You Can’t Handle the Savings

First, we were told that President Obama was going to cut the national budget deficit in half in four years (give or take). Then we were told by the CBO that his proposed budget would double the deficit over the next 10 years. Next, we found out that his department heads were ordered to identify $100 million in spending cuts. Just last week, it was announced that the slightly improved budget included some $17 billion in savings.

Today, we were told of a truly healthy dose of savings which may just outdo all the others combined. From our friends in Canada, we have the following:

U.S. health-care stakeholders are pledging to cut spending by $2 trillion over 10 years to curb the “unsustainable course” of spiralling costs, U.S. President Barack Obama said.

“This is an historic day, a watershed event in the long elusive quest for health-care reform,” Obama said on Monday in the White House.

The president met with organizations and associations in the health-care industry, including insurance and pharmaceutical companies, union members, doctors and hospitals.

The president said they have pledged to cut the rate of growth of spending by 1.5 percentage points each year between 2010 and 2019, which would amount to over $2 trillion.

Read all of that article, or this one, or this, or this–they are all missing something very important: data.

Further, this announcement is predicated on something which is not stated clearly, but may be inferred from what is said. This very important inference? That the health care system in the United States will be completely defined and controlled (that is, it will be a closed system). I say “will be” because it is not so today.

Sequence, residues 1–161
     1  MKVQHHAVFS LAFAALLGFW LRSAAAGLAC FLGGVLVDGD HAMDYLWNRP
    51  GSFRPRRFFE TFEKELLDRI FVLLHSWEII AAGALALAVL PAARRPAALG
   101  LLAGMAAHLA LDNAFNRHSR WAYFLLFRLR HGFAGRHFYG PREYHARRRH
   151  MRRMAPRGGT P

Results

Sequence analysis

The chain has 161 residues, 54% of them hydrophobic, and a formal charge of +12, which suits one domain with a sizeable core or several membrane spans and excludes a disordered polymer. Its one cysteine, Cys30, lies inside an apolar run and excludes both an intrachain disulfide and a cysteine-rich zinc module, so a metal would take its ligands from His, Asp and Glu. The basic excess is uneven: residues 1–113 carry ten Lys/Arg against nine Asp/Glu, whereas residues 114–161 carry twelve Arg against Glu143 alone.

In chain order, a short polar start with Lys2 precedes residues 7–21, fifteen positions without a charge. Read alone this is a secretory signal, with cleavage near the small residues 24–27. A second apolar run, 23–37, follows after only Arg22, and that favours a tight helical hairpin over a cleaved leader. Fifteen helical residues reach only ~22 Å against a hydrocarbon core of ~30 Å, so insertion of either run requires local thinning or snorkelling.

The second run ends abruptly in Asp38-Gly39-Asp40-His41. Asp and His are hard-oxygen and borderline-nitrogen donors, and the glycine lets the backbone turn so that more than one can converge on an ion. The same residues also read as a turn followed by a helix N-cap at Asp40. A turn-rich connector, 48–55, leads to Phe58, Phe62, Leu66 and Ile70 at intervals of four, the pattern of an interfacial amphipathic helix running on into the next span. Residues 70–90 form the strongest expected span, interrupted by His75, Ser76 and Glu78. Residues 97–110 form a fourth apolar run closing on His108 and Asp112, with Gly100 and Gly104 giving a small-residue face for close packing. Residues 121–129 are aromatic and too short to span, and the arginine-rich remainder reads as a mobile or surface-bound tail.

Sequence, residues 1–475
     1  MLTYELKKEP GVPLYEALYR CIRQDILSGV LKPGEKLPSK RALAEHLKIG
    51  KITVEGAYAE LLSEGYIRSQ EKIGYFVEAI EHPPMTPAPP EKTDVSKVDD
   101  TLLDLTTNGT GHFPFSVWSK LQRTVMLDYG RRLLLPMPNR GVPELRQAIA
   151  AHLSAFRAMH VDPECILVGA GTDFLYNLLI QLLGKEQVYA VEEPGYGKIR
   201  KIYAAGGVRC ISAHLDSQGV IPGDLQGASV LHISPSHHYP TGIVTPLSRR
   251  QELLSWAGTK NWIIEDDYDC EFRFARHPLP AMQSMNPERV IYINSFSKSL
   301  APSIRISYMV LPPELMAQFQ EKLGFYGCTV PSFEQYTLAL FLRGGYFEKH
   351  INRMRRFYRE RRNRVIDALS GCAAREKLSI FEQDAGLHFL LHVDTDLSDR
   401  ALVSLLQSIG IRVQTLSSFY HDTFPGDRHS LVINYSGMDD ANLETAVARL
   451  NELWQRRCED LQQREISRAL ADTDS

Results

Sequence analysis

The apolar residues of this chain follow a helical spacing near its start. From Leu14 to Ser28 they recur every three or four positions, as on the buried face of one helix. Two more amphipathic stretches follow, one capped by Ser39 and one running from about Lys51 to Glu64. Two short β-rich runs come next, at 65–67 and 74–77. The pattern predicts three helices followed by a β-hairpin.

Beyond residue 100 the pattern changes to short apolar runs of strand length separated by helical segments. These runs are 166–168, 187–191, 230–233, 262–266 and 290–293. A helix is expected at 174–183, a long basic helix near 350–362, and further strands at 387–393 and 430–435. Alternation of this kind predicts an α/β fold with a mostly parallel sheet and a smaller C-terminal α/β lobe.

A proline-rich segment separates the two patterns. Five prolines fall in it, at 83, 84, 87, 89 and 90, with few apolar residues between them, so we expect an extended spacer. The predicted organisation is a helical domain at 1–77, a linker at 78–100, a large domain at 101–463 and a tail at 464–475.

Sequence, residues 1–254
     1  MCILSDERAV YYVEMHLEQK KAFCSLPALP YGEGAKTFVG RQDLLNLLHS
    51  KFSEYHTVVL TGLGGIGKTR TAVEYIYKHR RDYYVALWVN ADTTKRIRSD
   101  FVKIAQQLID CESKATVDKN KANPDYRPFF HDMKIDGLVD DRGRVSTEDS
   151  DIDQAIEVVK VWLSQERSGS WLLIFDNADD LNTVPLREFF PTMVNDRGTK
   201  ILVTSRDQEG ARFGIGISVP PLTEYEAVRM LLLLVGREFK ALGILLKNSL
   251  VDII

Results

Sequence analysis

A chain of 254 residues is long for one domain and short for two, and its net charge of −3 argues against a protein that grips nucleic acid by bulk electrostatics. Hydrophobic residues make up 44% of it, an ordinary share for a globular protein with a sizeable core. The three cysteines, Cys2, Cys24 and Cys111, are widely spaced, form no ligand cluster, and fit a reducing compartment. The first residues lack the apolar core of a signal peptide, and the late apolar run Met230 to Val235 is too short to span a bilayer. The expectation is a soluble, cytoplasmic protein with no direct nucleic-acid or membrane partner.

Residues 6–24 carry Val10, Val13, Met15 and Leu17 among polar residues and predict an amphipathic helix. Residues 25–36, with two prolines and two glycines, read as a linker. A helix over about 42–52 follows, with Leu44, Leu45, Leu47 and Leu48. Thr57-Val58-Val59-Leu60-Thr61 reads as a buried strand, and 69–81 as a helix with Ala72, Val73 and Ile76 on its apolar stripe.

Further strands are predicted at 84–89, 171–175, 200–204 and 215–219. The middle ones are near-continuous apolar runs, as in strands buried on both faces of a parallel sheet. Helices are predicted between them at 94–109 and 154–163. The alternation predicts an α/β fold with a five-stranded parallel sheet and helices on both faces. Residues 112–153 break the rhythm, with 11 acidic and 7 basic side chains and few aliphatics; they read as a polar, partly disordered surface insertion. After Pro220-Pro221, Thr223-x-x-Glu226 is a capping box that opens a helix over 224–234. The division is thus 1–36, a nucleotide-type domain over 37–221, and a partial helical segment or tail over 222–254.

The only reason the consumers in a market-driven system are not factored in when determining the price and availability of a product (in this case health-care services) is if the market won’t be driving–as in single-payer government-run health-care.

Further, the math behind the idea that health-care costs would have gone up in 2010 by 13% (or whatever the number might be) but due to these cost-cutting measures, the costs only went up by 11.5% is ludicrous. All I have to do is claim that everything would have been 1.5% higher and I’ve realized my savings–just like that. And who can claim that I didn’t cut possible future costs? We’ve already seen this once with “we are going to save or create X jobs with this stimulus.” For all I know my job has been saved an average of once a month for the last 3 months.

Simply put, for those “organizations and associations in the health-care industry” to claim that they a)know what the actual cost increases will be year over year for the next decade; and b) that they will be able to reduce those costs by $2 trillion by committing to a series of, well, undefined changes and hope for a better future is a monumental deception.


Keith Hennessey has somewhat to say on the matter as well.